Daniel Rodriguez-Gonzalez

Location: Colorado Springs, Colorado

Occupation: Data scientist at Kratos Defense and Security Solutions

Education: B.S. in engineering from Harvey Mudd College


Tell us a bit about yourself.

I am a Southern California native currently living in Colorado Springs, Colorado. I earned my bachelor’s degree in engineering from Harvey Mudd College and worked in the semiconductor industry for five years. In my spare time, I enjoy cycling and the outdoors. 

What initially attracted you to the data science field?

I’ve always had an affinity for data analysis, and seeing big data grow over the last couple of years encouraged me to pursue a career in data science. It is one of the professions in which we can mix our programming, statistical and domain knowledge to reach actionable conclusions. More importantly, being able to consolidate various sources of data to tell a compelling story is another reason I was attracted to data science. 

Why did you decide to pursue a Master of Science in Data Science?

I felt that I needed more structure in my independent studies. There are many online courses out there, but to me, they seem to lack a comprehensive approach to the study of data science. I felt that I needed to gain an understanding of databases, data processing tools, statistics and visualization skills to develop myself as a data scientist, and I was able to learn these skills through the DataScience@SMU program. 

Why did you choose DataScience@SMU?

SMU’s program offered a comprehensive approach to the study of data science. The program offers a solid grounding in statistics, which is then emphasized in many of the class projects that we undertake. The curriculum also includes visualization, database management and data security coursework. Additionally, the student support staff is welcoming, and they were helpful during the application process.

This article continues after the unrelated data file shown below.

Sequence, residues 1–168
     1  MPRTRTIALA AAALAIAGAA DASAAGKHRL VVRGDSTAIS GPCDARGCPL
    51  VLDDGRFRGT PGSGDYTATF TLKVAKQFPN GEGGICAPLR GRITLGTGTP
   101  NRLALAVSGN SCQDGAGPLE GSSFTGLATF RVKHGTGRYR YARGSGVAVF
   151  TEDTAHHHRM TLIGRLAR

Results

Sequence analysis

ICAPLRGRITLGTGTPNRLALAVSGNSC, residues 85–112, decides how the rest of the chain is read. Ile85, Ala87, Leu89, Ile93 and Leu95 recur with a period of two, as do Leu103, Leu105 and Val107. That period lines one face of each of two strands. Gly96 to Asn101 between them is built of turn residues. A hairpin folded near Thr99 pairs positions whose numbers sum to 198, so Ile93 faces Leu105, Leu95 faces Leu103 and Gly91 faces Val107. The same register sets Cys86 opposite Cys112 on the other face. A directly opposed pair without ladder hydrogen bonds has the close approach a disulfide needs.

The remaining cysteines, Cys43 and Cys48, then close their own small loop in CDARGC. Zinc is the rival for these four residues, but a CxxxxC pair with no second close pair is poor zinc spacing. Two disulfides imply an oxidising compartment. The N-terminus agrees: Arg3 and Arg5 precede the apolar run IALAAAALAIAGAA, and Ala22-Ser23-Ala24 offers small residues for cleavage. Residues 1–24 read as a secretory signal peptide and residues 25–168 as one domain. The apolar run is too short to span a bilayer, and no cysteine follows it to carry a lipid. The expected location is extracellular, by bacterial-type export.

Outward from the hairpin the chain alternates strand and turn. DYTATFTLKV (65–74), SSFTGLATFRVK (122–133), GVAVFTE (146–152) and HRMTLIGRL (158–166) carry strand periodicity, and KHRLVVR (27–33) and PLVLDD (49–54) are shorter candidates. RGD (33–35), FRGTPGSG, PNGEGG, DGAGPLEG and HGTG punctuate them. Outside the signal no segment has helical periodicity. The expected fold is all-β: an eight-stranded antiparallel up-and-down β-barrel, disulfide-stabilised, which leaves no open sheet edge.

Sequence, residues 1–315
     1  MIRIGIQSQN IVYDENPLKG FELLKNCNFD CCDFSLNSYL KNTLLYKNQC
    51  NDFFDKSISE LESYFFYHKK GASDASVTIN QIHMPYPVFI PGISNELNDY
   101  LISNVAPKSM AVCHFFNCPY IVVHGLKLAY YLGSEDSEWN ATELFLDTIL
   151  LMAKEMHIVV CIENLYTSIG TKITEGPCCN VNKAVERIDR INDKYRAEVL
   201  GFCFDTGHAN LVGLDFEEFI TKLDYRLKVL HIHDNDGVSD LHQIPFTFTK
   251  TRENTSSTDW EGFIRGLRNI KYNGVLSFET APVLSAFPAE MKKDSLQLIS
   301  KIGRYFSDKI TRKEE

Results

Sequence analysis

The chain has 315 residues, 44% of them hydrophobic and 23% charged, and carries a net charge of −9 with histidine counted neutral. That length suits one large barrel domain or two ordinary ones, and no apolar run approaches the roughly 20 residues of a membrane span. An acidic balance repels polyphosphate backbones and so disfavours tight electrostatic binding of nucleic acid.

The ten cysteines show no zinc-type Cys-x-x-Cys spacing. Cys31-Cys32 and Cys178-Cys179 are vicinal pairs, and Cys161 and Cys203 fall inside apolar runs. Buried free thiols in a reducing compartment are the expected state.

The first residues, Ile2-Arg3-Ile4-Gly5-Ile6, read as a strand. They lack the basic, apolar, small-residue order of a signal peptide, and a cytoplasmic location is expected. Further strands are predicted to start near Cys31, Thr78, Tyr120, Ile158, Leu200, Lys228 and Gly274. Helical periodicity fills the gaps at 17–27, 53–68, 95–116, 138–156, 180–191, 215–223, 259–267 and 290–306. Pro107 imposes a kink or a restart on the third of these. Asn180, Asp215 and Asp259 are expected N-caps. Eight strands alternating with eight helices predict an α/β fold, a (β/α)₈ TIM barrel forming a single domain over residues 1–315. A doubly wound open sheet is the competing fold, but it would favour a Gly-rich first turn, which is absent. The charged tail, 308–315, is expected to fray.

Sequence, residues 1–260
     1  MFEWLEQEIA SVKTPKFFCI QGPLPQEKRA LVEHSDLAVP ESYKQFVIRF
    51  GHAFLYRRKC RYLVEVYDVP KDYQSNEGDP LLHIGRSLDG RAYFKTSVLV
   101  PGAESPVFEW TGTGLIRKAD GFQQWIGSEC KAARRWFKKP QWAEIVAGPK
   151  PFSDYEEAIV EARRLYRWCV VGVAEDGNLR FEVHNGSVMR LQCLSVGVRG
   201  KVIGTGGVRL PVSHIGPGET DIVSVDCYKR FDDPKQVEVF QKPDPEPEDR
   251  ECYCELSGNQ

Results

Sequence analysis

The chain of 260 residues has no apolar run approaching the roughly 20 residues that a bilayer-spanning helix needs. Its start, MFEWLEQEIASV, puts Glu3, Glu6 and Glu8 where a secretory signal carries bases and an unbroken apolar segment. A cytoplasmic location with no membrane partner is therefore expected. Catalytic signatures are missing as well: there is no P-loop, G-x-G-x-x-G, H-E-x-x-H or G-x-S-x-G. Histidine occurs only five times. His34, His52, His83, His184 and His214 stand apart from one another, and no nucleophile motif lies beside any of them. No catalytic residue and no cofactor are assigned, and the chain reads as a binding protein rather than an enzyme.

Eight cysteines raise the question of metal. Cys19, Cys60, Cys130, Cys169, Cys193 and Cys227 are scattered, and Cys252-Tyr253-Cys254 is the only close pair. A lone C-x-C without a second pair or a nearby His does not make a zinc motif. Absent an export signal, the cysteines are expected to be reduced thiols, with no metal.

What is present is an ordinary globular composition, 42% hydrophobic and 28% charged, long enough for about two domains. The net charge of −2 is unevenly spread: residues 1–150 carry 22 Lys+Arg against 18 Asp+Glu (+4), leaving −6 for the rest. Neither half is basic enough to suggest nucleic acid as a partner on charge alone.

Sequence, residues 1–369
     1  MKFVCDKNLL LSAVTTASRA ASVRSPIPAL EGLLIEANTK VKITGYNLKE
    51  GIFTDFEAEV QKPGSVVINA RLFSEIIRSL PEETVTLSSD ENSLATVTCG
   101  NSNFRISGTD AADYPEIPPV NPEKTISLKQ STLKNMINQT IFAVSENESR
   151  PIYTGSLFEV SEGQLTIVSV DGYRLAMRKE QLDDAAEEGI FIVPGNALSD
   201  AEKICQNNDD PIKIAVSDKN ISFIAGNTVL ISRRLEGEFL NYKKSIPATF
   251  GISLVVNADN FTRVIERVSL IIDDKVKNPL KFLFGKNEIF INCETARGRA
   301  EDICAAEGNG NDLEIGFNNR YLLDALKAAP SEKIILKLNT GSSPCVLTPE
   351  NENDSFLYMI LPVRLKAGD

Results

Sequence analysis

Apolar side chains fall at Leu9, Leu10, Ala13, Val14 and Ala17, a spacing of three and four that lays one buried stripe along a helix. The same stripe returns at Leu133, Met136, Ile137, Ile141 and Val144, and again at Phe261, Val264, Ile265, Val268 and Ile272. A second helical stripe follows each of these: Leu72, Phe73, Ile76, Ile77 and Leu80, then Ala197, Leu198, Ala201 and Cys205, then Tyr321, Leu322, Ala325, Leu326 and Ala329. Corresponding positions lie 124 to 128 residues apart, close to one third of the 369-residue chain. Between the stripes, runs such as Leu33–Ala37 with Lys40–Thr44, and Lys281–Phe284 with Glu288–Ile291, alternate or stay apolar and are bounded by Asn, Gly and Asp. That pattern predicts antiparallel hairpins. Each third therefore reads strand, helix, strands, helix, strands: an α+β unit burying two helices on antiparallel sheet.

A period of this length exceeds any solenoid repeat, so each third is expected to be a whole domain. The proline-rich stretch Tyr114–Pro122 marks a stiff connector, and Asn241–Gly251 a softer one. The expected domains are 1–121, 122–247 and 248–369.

Which skills and tools that the program covers do you find most appealing? Why?

The first two terms strongly emphasize the statistical concepts. Here, we learned about the underlying assumptions that we must consider before jumping to conclusions. I think this is very important because without these checks, it is very easy to lead oneself or others astray – especially when the analysis is directly tied to business or other critical systems. The data mining and visualization courses strengthened my programming skills and taught me best practices. 

How are you able to apply what you are learning to your current position?

I recently joined a company looking to expand its data acquisition and data management processes. Given that the DataScience@SMU program covers topics in database management, data mining and data security, I am confident that the skills I have acquired will help us reach our goals. 

What surprised you most about the online learning environment?

When I started the program, I was not sure what to expect. Many would argue that an on-site experience cannot be matched, but in my experience thus far, the online environment provides enough flexibility without giving me the feeling that I would be missing out if I were in an on-site program.

What advice do you have for prospective students?

If you enjoy statistics, programming and telling a good story with data, then this is the field to be in. It is a rapidly growing field in which your data science skill set can be applied across various industries to tackle a wide variety of problems.

Learn more about DataScience@SMU students by visiting our class profile.